A couple of years ago I was going through a very difficult time in my relationship – I was on the cusp of a divorce with my husband of nearly 10 years and then within just a couple of months of each other my cats who had been my beloved family members for 12 and 14 years died. I felt like I was losing my entire family all at once. It got easier each day with time with the help of my friends and community. I adopted a new cat and started volunteering at a rescue. I ventured out and met new people and opened myself up to new experiences. It’s cliché, but I learned that no matter hard things may seem at the time, there is light at the end of the tunnel and sometimes the daylight is brighter on the other side than when you entered.

What is one thing that you do that you feel has been the biggest contributor to your success so far?

Build relationships and help people. Whether it was working in the food industry to help institutions get more plant-based options on menus or helping implement animal welfare policies at major corporations, I believe the key to success is to build solid relationships, prove yourself to be a trusted partner, and people will want to work with you.

What is your morning routine?

I wake up at 6:30, feed my cats who are always eager to greet the day, start my coffee and do a short stretching and workout routine. Next, I do a short meditation and read the day’s passage from The Daily Stoic and an affirmation, shower, grab that cup of coffee, write down three things I’m grateful for and start my workday. If I’m in writing mode I wake up earlier, pour coffee, and start writing immediately after feeding the cats. I found that it was critical to carve out a time early in the day when I had no other obligations or distractions to be able to think creatively.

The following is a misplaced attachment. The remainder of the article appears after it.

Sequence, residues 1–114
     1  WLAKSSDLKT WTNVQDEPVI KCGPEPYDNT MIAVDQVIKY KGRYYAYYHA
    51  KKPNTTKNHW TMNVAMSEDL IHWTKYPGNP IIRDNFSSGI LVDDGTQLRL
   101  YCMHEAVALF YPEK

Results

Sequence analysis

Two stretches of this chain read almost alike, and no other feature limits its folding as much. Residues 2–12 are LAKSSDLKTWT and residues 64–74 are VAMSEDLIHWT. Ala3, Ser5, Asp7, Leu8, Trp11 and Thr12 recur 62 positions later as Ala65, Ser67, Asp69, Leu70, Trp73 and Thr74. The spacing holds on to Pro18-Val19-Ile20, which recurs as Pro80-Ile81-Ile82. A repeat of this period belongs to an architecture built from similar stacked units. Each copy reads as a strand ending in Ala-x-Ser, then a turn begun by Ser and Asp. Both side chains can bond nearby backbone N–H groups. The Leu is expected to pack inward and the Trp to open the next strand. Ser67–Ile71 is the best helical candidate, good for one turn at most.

What habit or behavior that you have pursued for a few years has most improved your life?

Weather permitting, I go for a hike or walk every day. I found that it was as important to my mental health as it is to my physical health. I’m fortunate to live minutes away from gorgeous trails so even at the end of the workday I can generally get in a 45-minute to hour hike. If I don’t, I just don’t feel right.

What are your strategies for being productive and using your time most efficiently?

Scheduling and having a routine. It can be easy to get distracted from meeting goals when you’re constantly on the defense with your time. I am most productive and efficient when I deliberately carve out time for the things I want to accomplish.

What book(s) have influenced your life the most? Why?

From a moral perspective, one of the books that set me on the path for my career trajectory and the way I live was Animal Liberation by Peter Singer. After reading the book and learning about the ways in which animals are systemically abused for food, clothing, entertainment, and more, I decided I wanted to devote my life to helping end animal suffering.

Do you have any quotes you live by or think of often?

More of a passage from Tao Te Ching – 15, in particular, this line:

“Do you have the patience to wait until your mud settles and the water is clear? Can you remain unmoving until the right action arises by itself?”

It has come in handy in helping make decisions – essentially to slow down and be thoughtful about decisions until the right decision is clear.